Dec 03, 2019 2:00 PM

Great Bend decides to buy used on dump truck, saves nearly $96K

Posted Dec 03, 2019 2:00 PM

Photo of dump truck from Doonan Peterbilt of Great Bend.


By COLE REIF

Great Bend Post


At the August 5th Great Bend City Council meeting, the board approved the purchase of a new dump truck for $141,895. There were questions before the approval of why the city should spend so much money on a truck that was going to be utilized on city streets and why used trucks were not solicited.


On Monday, the City Council went back on that approval after City Administrator Kendal Francis told the governing body staff was notified of a used dump truck from Doonan Peterbilt of Great Bend.


"Our staff and staff mechanics looked over the piece of equipment and it fit everything that we were wanting for size," said Francis. "Staff is confident that this is a sound piece of equipment."


The used 2011 International dump truck has 350,000 miles and was recently acquired by Doonan’s in a trade. The cost of the used truck is $46,000.


Saving nearly $100,000, the City of Great Bend will be able to move quicker in obtaining brining equipment for snow and ice treatment.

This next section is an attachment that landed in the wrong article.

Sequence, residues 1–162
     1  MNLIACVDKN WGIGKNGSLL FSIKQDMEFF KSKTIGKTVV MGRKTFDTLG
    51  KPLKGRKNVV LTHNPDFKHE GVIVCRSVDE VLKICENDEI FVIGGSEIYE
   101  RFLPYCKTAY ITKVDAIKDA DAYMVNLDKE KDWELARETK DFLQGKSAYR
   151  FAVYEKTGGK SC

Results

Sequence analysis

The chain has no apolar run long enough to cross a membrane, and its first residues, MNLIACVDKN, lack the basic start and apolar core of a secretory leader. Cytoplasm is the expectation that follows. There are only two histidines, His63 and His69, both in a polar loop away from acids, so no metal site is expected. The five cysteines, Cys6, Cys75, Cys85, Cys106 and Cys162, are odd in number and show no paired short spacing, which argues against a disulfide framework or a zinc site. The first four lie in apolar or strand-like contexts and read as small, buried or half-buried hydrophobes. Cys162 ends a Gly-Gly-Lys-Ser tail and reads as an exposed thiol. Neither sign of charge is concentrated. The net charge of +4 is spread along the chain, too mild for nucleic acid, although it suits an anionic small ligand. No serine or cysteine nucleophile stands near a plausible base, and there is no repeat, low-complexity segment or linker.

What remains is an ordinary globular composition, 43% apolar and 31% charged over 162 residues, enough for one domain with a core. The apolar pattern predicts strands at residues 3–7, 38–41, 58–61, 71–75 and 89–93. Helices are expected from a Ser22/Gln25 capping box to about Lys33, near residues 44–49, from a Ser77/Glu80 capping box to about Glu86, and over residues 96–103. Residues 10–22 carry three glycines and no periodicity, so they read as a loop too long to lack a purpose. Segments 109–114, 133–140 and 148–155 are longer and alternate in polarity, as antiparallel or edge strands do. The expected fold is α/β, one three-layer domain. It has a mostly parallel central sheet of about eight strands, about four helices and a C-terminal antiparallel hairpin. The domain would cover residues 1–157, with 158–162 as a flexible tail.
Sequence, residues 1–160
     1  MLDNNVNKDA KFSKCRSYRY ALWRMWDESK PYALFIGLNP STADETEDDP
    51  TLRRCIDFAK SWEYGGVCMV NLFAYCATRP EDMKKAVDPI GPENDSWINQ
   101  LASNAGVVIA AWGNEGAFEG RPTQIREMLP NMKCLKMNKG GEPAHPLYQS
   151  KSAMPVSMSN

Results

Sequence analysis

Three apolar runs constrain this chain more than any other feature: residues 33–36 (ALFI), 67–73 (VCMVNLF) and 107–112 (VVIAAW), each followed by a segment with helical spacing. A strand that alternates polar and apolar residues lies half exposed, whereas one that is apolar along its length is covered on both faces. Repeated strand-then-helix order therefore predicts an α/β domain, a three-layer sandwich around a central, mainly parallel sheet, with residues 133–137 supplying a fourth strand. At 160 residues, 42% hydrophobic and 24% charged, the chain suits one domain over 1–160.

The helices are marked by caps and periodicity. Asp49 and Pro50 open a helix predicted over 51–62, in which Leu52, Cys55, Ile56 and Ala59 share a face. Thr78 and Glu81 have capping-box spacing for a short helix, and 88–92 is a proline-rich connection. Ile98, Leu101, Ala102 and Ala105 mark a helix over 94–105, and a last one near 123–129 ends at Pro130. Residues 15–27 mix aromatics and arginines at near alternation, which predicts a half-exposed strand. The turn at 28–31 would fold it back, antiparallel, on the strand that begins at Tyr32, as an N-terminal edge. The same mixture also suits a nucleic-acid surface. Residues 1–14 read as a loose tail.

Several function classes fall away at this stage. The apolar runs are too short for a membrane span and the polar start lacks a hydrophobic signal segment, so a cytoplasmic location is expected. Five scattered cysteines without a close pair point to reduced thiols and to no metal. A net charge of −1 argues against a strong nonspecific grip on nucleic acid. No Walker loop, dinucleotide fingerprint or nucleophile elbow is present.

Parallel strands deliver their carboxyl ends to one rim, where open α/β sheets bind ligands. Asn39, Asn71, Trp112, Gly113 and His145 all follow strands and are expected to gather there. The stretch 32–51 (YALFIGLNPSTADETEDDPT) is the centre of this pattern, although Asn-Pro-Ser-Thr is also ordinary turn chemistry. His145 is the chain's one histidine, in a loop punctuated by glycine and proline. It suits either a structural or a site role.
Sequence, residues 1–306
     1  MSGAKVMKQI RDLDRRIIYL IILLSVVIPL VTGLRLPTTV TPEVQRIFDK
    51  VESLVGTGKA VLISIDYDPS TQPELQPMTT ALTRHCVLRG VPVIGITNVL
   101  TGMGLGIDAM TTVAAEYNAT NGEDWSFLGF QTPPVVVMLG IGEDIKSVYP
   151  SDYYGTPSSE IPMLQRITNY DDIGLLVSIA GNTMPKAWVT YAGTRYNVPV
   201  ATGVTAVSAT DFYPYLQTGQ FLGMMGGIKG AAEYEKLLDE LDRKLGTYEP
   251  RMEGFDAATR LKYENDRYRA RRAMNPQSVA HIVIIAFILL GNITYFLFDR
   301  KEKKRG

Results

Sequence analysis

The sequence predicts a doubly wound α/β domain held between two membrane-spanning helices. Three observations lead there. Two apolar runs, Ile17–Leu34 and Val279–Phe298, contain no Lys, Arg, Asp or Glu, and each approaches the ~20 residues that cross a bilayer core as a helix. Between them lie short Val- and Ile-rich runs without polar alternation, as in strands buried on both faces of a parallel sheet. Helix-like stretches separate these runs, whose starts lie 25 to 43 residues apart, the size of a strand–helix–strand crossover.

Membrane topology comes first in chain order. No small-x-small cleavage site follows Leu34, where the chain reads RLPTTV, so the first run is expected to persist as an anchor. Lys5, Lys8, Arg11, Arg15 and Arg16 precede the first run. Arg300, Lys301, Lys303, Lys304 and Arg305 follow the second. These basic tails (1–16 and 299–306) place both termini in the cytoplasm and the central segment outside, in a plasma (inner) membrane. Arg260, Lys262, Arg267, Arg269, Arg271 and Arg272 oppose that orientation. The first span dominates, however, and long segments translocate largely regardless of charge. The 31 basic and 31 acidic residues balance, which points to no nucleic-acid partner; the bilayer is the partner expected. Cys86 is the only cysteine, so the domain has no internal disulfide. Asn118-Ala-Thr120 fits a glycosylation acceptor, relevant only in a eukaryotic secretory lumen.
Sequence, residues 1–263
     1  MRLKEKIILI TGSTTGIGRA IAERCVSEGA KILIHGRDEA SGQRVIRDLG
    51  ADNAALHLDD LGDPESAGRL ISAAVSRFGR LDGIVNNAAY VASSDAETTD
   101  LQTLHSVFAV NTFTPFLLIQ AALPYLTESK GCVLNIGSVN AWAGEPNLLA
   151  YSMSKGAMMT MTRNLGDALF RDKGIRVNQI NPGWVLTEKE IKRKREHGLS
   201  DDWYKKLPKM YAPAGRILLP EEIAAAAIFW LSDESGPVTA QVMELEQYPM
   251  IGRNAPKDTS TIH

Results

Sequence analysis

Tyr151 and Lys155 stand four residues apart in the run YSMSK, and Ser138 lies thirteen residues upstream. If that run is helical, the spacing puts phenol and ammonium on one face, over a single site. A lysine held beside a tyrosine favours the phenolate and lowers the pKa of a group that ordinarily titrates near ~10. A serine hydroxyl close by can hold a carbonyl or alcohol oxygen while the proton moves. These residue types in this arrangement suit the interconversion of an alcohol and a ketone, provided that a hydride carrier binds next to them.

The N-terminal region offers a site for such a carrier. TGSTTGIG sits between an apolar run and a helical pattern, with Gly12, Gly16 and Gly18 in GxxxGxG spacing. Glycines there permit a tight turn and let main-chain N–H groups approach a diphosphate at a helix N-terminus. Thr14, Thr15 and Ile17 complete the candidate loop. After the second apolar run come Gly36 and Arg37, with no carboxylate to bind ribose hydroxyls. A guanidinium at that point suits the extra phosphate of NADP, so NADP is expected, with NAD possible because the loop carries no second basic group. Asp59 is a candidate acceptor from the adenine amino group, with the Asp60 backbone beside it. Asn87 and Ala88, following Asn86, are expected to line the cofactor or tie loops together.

"We anticipate a system to make and store brine to be somewhere in the $35,000 range," said Francis. "It would be our plan to move forward with bids so by winter 2020 we would be prepared to apply brine for pre-treatment for storms."


The City of Great Bend saved $63,000 each of the past two years with an additional $24,000 this year in order to purchase the dump truck.


The used model comes with a snow plow and sand spreader. The City Council approved the purchase of the dump truck from Doonan’s.

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Dec 03, 2019 2:00 PM
Three city employees to graduate from CPM program

By COLE REIF

Great Bend Post


Great Bend City Administrator Kendal Francis commended three department heads with the City of Great Bend for graduating from the Certified Public Manager (CPM) program.


The CPM is a year-long, nationally-accredited program designed specifically for those in public management. The program helps employees develop and strengthen their management skill sets.


"The program is approximately 300 contact hours," said Francis. "They were doing this on top of their normal duties. They also put together a capstone project to better the city."


Fire Chief Luke McCormick, Police Chief David Bailey, and Human Resources Director Randy Keasling will complete the CPM this week.


Francis anticipated the three will be presenting their capstone project, to better the city, to the council for approval sometime in February.